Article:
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J Am Pharm Assoc (Wash). 1997 Sep-Oct;NS37(5):522-8.

Readability of over-the-counter medication labels.

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Department of Pharmacy Practice and Administrative Sciences, College of Pharmacy, Idaho State University, Pocatello 83209, USA.



This study evaluated information on over-the-counter (OTC) medication labels. Brand-name OTC products were examined to determine compliance with the Label Readability Guidelines recommended by the Nonprescription Drug Manufacturers Association (NDMA). Additionally, the use of pictures on OTC medication labels was assessed. The effect of pictures on other aspects of label design that may affect comprehension was also evaluated.


We evaluated 100 OTC medication labels (20 analgesics and 80 cold/cough products). Assessment of label content was based on certain aspects of label design, such as package size, font size of written information, format of information on warnings and indications, use of pictures, and use of advertising claims on product labels.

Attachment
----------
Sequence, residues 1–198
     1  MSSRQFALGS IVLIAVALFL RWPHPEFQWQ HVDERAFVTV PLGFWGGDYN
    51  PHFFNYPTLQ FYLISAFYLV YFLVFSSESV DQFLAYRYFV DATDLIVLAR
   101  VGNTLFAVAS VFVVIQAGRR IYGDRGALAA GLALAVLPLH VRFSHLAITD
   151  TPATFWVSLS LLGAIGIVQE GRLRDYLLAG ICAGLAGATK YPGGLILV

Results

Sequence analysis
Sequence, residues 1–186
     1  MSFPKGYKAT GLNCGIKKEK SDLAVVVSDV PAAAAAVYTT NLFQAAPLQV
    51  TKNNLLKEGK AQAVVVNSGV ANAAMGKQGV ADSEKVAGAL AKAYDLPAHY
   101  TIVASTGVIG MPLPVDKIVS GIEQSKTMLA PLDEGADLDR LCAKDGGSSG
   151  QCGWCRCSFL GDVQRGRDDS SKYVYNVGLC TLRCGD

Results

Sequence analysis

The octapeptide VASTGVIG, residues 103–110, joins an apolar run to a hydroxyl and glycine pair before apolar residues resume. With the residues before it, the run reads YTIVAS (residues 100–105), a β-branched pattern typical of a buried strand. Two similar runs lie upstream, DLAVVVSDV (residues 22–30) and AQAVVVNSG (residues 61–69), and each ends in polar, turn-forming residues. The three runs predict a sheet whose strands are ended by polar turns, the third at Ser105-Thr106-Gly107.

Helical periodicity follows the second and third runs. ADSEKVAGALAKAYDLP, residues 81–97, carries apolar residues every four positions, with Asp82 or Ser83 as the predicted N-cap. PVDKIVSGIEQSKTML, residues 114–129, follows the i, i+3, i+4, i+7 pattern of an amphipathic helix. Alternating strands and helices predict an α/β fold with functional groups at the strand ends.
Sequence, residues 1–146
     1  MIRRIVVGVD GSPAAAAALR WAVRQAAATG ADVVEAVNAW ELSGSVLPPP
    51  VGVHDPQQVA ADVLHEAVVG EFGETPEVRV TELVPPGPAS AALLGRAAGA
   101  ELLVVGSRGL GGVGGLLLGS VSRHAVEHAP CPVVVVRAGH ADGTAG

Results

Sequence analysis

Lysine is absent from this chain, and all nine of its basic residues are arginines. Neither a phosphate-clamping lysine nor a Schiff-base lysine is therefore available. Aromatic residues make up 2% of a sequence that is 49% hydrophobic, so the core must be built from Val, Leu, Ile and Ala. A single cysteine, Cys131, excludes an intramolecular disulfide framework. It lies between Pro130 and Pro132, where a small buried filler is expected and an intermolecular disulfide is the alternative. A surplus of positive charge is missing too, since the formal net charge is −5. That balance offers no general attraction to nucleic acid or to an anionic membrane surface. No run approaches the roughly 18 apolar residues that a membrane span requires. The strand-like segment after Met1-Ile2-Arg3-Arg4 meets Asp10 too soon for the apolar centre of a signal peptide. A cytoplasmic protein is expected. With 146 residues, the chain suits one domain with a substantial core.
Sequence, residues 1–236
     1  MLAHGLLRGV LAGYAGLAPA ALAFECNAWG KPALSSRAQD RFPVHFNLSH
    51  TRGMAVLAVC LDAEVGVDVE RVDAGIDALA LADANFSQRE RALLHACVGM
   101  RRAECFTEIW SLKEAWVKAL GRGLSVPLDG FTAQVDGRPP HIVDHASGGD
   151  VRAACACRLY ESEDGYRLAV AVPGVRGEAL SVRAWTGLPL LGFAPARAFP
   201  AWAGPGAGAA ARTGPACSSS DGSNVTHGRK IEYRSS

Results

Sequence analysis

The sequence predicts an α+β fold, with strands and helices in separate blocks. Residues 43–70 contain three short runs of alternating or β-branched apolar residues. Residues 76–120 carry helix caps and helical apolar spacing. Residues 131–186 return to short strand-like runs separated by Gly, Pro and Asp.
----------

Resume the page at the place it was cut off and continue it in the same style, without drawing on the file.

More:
Many products evaluated did not meet NDMA guidelines. Even when font size of product name increased with increase in package size, font size on warnings and indications remained constant at 6 points. Lack of boldface (63%), use of all uppercase font (30%), use of hyphenation (49%), lack of paragraph breaks (19%), and the small font size of 6 points or less (98%) could reduce readability. Packages containing pictures were significantly larger than packages without pictures. Several packages (30%) contained pictures in the indications section. Many products contained advertising claims that were classified as "green" or "quality" (41%) and "free" (38%). Additionally, 43 different advertising claims were identified; some of these may be difficult for patients to interpret.


The findings may help FDA develop specific regulations to improve label readability. Pharmacists who recommend OTC products to consumers should be aware of these issues and evaluate requests by consumers regarding OTC drugs accordingly.

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